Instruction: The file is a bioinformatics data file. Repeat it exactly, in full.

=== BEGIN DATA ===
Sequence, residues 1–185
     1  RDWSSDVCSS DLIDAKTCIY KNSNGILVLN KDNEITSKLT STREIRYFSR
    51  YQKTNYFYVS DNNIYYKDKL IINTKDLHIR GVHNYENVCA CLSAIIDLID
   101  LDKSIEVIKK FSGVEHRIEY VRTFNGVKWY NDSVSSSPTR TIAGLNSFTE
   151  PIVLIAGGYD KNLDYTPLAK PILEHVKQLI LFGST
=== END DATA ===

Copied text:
Sequence, residues 1–185
     1  RDWSSDVCSS DLIDAKTCIY KNSNGILVLN KDNEITSKLT STREIRYFSR
    51  YQKTNYFYVS DNNIYYKDKL IINTKDLHIR GVHNYENVCA CLSAIIDLID
   101  LDKSIEVIKK FSGVEHRIEY VRTFNGVKWY NDSVSSSPTR TIAGLNSFTE
   151  PIVLIAGGYD KNLDYTPLAK PILEHVKQLI LFGST